ST. LOUIS — Here is the first thing he remembers: the cold, blue asphalt floor.
And there was a weight on his back. He remembers the weight and the way he could not move or breathe. He remembers how he couldn't think about Melissa, the woman he'd known he would marry since they were in high school.
He could only think about the weight. He remembers his co-workers running toward him, and the way their faces contorted into something more than alarm. Something more than panic.
They looked terrified.
Dustin Ventimiglia's life nearly ended on a Thursday.
It was June 1, 2017, around 9:45 p.m. Dustin worked the night shift a couple of days each week. He planned on being a professional fighter someday, but only when he was truly ready to make the leap. He'd been wrestling since he was four years old but wouldn't turn professional until he and his coaches were confident in his striking ability.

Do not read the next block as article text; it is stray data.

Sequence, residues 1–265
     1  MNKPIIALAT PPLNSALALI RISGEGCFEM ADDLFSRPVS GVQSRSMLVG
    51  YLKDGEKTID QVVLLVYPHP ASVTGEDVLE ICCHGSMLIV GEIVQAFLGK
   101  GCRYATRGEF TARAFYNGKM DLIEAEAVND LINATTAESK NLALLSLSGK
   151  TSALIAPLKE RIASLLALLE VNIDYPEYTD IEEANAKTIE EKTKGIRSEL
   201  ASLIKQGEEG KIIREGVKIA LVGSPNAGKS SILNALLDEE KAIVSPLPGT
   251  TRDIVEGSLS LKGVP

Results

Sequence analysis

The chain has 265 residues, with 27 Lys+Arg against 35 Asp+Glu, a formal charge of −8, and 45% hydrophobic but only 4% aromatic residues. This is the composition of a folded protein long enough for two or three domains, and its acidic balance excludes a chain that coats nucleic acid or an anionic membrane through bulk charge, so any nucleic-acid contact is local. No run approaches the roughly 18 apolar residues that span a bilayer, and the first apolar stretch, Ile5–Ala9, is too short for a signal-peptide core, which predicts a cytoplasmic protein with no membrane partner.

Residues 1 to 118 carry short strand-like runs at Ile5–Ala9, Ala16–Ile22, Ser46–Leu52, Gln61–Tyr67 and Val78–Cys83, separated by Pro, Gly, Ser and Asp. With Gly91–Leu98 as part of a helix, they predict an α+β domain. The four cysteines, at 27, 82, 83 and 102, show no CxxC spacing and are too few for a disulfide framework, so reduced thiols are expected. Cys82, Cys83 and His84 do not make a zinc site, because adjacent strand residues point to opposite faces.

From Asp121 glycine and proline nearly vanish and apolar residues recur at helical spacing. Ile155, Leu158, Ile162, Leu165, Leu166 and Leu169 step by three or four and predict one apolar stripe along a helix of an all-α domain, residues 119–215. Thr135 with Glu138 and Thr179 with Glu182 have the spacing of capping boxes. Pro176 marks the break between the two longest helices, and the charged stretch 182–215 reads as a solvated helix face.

He could take just about anyone he faced in the amateur ranks to the canvas, but he knew that he'd eventually come up against an opponent he couldn't take down. And then what? He didn't want that question to be answered against professional fighters.
So from the start, before he'd ever set foot in the cage to face another human being, Dustin decided he would fight at least eight or 10 or 12 times as an amateur. His uncle, Scott Ventimiglia, had been a professional who made it all the way to a couple of Strikeforce fights a decade ago. He'd served as a gentle and cautious hand helping to guide Dustin along a wise career path.
"Don't rush it," Scott would tell Dustin. "You have your entire career ahead of you. Let's make sure you are ready."
It was Scott's way of saying: Don't do what I did. Don't make my mistakes.